In August, the U.S. Department of Agriculture released a report on the hemp industry boom in the European Union. The report recognized that hemp was an important commodity that could aid the European Union in achieving its climate-related objectives.
The report also discusses how the cannabis crop has been cultivated and utilized in the region for millennia and how products from the crop are now increasing in popularity, as more nations enact decriminalization reforms. The report states that since the Middle Age, all parts of the hemp plant were consumed in European nations, including its flowers, leaves and seeds as well as its extracts.
The nonintoxicating plant was also used as a source of fiber for manufacturing textiles and rope. This is in addition to being used in ancient medicines. However, in the 20th century, Europe and the United States banned the plant, with its ban partially contributing to the EU’s increased reliance on fossil-based alternatives for industrial applications.
The relegalization of the cannabis plant has renewed interest in the crop, with the U.S. Department of Agriculture noting that the EU is currently assessing opportunities that would expand the usage of hemp. One of the motives behind the EU’s renewed interest is to decrease the use of carbon-intensive products and fossil fuels.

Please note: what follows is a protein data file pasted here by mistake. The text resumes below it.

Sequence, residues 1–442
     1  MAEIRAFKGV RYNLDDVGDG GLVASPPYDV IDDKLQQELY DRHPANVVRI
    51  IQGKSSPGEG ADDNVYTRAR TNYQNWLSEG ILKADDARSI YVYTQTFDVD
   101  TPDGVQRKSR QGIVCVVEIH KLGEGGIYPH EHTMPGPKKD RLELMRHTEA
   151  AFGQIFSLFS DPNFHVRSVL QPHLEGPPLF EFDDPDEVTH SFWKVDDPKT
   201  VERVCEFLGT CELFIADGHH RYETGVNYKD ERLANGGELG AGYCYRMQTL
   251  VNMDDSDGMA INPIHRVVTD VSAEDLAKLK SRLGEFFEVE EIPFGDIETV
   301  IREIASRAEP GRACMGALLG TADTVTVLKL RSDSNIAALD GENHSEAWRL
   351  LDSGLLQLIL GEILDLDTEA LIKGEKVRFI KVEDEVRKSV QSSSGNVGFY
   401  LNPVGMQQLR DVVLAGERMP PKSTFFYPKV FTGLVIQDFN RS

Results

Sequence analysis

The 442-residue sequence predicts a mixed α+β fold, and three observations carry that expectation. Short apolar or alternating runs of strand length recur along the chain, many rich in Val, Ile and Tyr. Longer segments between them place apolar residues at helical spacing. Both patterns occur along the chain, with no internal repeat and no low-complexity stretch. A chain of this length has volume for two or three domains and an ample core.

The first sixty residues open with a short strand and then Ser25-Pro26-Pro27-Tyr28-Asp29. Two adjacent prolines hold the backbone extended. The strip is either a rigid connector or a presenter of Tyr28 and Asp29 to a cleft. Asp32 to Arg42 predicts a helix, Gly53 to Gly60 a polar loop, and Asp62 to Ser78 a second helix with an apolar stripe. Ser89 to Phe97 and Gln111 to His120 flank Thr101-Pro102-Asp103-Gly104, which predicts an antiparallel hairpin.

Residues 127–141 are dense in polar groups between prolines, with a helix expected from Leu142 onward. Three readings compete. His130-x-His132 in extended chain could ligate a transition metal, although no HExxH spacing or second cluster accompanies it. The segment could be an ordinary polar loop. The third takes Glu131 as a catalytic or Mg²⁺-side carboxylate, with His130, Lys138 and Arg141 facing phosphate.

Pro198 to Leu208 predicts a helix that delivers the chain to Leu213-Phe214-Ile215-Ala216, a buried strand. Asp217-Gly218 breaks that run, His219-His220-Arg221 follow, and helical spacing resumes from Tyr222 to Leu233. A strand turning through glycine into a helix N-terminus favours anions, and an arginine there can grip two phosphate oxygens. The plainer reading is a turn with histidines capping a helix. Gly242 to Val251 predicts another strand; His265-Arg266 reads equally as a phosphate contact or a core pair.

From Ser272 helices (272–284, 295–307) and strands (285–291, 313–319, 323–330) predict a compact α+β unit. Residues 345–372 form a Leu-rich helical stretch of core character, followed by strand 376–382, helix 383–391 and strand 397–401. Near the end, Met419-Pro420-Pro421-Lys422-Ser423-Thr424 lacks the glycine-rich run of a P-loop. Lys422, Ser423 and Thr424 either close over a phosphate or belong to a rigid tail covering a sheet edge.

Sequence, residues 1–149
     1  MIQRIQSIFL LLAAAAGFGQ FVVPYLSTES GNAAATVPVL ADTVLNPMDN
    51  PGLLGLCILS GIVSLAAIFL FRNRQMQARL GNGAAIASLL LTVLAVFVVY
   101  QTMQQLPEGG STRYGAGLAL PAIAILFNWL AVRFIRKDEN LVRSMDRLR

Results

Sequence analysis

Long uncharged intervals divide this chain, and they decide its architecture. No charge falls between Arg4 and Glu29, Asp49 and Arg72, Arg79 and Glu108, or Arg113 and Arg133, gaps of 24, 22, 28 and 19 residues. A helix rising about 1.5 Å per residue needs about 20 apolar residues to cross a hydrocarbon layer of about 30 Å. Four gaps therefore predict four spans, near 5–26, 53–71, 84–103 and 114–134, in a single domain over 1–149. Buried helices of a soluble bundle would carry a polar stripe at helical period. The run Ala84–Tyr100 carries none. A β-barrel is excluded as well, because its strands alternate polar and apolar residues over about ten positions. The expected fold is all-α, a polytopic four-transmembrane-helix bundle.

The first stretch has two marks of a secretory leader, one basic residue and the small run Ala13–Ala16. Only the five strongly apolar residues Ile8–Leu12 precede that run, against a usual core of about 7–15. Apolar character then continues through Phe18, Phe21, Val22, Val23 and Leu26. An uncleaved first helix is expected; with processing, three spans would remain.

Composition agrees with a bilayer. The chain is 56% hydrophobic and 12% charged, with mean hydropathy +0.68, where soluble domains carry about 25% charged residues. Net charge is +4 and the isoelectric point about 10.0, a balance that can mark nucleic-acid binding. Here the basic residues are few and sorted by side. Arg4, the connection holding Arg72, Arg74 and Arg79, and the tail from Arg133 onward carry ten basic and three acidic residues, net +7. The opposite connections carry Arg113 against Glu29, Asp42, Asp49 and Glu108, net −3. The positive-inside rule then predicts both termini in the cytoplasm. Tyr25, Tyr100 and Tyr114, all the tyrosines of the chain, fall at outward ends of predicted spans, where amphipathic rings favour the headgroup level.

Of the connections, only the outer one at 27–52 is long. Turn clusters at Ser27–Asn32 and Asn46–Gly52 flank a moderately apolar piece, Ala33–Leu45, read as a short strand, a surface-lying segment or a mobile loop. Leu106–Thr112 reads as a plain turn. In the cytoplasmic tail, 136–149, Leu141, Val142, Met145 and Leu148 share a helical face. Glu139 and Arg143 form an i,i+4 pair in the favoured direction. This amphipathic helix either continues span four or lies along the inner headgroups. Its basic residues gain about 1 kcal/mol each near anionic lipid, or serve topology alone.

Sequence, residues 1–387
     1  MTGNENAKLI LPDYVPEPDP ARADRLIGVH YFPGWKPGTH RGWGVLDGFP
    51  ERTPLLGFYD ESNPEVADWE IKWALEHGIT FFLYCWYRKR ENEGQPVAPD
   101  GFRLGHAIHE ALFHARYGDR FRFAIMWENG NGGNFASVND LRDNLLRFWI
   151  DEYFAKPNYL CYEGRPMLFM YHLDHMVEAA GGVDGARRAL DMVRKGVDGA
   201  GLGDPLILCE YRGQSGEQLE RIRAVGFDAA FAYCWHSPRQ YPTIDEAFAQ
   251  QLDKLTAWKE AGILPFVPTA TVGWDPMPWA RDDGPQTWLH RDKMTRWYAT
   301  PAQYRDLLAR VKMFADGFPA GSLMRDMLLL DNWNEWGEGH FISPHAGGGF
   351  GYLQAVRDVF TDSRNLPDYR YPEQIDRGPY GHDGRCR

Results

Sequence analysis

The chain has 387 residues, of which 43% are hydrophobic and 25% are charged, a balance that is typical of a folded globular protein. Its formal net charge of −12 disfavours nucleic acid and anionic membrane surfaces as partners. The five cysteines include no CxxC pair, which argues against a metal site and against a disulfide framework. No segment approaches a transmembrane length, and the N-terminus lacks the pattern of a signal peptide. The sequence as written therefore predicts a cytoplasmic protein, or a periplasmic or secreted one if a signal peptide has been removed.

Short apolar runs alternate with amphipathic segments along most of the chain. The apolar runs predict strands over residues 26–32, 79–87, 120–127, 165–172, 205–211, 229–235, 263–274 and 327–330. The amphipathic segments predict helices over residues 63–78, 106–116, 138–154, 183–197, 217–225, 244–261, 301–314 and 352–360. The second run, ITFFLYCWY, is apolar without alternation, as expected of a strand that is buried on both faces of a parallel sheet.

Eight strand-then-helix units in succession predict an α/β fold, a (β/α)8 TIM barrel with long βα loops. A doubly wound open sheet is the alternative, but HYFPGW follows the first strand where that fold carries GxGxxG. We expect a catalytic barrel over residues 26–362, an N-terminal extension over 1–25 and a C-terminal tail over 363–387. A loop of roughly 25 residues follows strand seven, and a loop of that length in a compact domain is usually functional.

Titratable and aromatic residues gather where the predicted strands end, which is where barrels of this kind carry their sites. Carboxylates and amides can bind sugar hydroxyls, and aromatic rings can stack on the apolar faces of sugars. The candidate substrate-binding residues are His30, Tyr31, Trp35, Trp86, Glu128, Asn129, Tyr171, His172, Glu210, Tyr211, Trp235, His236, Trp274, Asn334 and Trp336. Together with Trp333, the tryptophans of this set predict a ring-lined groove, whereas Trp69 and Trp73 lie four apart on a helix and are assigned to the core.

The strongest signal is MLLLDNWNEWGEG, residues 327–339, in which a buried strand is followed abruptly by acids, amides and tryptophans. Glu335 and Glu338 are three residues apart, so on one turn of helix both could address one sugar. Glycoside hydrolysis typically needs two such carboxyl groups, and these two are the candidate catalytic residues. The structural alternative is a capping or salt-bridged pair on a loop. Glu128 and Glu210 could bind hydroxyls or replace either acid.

The report states that the growing of hemp provides various environmental benefits, which include increased biodiversity and prevention of erosion and carbon storage, as well as eliminating the use of pesticides. The crop’s dense leaves also create a natural soil cover, which decreases loss of water, while its flowering cycle creates a lot of pollen, which supports crop pollination for other plants.
Data from the European Commission shows that in 2019, the cultivation of hemp had increased with more than 34,000 hectares being dedicated to growing the plant. Of all the countries in the EU, France is said to be the biggest hemp cultivator, closely followed by Italy, the Netherlands and Estonia.
The report also highlights that the European Union recently passed an updated Common Agricultural Policy, which will take effect at the beginning of next year and last through 2027. Under the new policy, hemp cultivators will be eligible for direct payments for a range of varieties, as long as the plants do not exceed the dry weight 0.3% THC limit.
The Department of Agriculture notes that American stakeholders interested in entering the European hemp market should ensure that they understand the regulations, which typically vary from one nation to another.
The exploding cannabis/hemp market in Europe is likely to benefit internationally focused companies such as Flora Growth Corp. (NASDAQ: FLGC), which are constantly looking for new markets to expand into and serve.
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